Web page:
The murder trial of former Olympic sprinter Oscar Pistorius will be on hold for a month as Pistorius undergoes court-ordered psychiatric testing.
Pistorius is accused of murdering his girlfriend Reeva Steenkamp in February 2013 when he fired his gun at her through a bathroom door in the middle of the night. Prosecutors claim that he did so deliberately out of anger after a fight with the model, but Pistorius says he was defending himself from what he thought was an intruder.
The mental health testing comes after defense witness and psychologist Merryll Vorster said that Pistorius suffers from generalized anxiety disorder (GAD). "People suffering from generalized anxiety disorders are not dangerous as such, your ladyship," Vorster said to the judge, but "people with GAD probably shouldn't have firearms. That creates the element of the dangerousness." That heightened anxiety and paranoia may have contributed to the shooting.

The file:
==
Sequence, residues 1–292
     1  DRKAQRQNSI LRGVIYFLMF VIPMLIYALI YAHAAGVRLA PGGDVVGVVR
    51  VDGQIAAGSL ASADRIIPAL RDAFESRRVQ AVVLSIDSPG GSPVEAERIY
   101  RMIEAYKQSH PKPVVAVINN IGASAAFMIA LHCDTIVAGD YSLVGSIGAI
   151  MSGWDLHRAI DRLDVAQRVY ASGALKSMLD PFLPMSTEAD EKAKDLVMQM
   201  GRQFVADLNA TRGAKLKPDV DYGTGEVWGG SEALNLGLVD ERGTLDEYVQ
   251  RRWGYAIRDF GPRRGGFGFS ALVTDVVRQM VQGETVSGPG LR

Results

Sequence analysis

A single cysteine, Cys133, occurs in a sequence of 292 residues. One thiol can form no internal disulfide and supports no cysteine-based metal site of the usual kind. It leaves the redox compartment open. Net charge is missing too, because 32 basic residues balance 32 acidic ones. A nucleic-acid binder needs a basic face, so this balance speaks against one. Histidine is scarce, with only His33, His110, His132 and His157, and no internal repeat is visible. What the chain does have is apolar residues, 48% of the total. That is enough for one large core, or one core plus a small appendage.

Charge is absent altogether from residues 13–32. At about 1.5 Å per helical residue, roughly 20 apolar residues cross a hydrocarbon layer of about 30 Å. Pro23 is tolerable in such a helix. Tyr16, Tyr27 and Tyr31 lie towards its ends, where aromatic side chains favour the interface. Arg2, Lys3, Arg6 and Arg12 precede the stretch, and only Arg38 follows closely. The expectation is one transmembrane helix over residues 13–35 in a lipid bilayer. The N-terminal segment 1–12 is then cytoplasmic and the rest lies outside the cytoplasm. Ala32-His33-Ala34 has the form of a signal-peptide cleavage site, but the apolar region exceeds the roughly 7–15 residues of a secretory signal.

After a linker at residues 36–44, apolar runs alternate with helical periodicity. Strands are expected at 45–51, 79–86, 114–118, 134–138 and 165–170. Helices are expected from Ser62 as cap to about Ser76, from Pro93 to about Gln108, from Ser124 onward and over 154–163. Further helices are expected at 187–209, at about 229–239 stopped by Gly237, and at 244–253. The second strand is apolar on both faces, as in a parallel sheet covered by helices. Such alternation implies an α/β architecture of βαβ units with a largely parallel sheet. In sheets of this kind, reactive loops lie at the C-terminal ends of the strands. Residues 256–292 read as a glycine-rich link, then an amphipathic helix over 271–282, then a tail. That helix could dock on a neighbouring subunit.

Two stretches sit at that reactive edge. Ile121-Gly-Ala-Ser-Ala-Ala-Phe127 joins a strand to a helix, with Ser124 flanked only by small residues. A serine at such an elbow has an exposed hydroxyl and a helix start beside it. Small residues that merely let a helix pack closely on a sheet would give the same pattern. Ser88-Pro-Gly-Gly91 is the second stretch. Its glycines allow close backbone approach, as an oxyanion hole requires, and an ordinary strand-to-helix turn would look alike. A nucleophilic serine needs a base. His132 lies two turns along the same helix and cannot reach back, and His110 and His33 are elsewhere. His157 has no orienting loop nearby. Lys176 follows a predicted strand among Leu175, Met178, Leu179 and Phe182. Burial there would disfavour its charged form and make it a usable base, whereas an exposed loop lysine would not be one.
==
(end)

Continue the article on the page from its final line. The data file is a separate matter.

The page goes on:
Though Pistorius has not used a mental health defense to this point, testimony from a mental health expert raised questions as to his state of mind at the time. "The accused may not have raised the issue that he was not criminally responsible at the time of the incident in so many words, but evidence raised on his behalf cannot be ignored," the judge said, according to CNN.
The mental health decision is important in deciding Pistorius' culpability in the case. If he is deemed by experts to have mental illness issues, he could be found to have "diminished responsibility" in the murder, creating a less harsh sentence. Similarly, if no mental health issue is discovered after the 30 days of testing, Vorster's testimony will be thrown out and the trial will resume.
This article is from the archive of our partner The Wire.
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